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The outback stutter

By David Butler Patient examples 24 Nov 2016

I have a slight stutter sometimes. Especially when a bit stressed. It was worse when I was a little boy living in outback Australia. My Mum drove me all the way to the big smoke (Brisbane) to see a paediatrician. I remember it well – the doctor was so nice, he asked me all these questions about my pet dog, my horse, my school, my friends. We spoke for ages and he seemed really interested in my life. At the end of all this he turned to my mother and said ‘Mrs Butler, there’s nothing wrong with your child – his speech is perfect’. I got outside the doctor’s surgery and my mum gave me a hell of a belting – ‘why didn’t you stutter like you do at home, you little bugger!’


So what was happening in the doctor’s office that so altered my brain construction of stammering? I would hazard a guess that novelty, distraction, the thrill of the long trip to Brisbane, the niceness of the doctor and the overall context would likely have played a part in allowing normal linguistic expression.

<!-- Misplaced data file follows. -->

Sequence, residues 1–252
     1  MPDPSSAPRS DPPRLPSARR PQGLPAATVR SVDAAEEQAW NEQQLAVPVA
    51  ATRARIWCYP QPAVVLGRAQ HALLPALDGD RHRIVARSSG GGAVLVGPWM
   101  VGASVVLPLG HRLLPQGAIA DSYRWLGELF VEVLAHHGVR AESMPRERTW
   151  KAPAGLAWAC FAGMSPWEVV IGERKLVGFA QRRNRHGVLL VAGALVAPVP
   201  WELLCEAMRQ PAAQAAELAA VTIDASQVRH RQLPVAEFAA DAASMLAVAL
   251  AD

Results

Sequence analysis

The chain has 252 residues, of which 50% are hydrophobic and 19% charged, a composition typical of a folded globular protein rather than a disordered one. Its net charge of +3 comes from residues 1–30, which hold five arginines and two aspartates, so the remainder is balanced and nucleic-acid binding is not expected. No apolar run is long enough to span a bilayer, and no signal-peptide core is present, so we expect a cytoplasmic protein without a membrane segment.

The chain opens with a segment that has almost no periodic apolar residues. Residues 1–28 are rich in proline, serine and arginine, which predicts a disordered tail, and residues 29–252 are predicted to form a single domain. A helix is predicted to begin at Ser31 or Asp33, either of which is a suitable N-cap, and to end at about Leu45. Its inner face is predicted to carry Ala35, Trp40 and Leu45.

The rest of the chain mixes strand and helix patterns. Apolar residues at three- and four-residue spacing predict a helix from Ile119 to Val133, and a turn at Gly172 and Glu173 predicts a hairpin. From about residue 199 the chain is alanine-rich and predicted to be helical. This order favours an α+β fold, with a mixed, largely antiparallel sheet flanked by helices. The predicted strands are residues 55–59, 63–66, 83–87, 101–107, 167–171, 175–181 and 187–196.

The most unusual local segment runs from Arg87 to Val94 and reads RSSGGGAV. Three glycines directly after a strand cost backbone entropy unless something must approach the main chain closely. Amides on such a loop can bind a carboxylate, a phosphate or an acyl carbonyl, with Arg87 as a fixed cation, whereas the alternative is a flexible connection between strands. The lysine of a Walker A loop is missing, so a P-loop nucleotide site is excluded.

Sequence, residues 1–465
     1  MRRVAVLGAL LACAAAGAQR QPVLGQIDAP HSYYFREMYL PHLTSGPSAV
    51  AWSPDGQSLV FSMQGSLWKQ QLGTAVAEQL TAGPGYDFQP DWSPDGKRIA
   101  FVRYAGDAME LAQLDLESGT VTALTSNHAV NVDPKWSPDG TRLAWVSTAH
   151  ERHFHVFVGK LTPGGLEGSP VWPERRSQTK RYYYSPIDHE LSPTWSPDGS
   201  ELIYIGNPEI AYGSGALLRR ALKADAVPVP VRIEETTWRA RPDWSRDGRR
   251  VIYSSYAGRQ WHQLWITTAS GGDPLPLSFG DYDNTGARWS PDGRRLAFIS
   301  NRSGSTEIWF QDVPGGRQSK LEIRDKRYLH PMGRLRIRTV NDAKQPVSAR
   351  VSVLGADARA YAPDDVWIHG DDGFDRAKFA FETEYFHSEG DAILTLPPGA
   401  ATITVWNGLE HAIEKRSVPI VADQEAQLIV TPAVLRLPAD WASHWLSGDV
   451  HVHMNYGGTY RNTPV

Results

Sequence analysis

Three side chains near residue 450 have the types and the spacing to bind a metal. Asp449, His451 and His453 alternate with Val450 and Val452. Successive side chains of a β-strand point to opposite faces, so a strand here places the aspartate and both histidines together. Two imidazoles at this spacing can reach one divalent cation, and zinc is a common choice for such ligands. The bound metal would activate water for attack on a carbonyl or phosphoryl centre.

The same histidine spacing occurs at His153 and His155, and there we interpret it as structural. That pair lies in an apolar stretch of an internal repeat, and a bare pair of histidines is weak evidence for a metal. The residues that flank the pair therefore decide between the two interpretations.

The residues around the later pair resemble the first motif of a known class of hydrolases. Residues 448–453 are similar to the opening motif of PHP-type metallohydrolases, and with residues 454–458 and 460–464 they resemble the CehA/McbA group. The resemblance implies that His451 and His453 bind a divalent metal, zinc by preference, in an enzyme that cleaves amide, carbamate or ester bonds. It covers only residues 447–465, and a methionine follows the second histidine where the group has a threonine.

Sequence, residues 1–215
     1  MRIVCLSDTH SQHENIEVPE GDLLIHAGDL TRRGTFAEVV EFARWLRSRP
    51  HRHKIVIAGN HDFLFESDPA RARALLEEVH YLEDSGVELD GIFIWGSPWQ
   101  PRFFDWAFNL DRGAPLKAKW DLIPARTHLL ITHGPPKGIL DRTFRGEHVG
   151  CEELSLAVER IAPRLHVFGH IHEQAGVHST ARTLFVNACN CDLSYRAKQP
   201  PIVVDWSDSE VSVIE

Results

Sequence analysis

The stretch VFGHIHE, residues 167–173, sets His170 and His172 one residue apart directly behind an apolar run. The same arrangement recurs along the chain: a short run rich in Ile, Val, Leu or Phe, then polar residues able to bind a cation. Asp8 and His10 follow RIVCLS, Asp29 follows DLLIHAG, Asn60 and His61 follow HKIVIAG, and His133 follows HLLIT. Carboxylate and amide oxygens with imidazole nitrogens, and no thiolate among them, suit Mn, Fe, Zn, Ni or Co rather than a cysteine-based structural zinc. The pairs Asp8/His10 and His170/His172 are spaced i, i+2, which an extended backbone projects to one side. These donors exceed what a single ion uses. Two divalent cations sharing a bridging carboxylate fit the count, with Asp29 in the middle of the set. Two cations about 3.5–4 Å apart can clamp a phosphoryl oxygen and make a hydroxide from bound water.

– David Butler



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  1. Hi David,
    Thank you for sharing something so very private and personal. A short story over flowing with knowledge and profound meaning. In today’s world, maybe we are loosing the art of linguistic expression, our thumbs being more apt to express than our tongues.
    A vital component of the interaction between patient and practitioner is to create an environment where linguistic expression can be freed. Without, clinical reasoning will be based on inadequate information.

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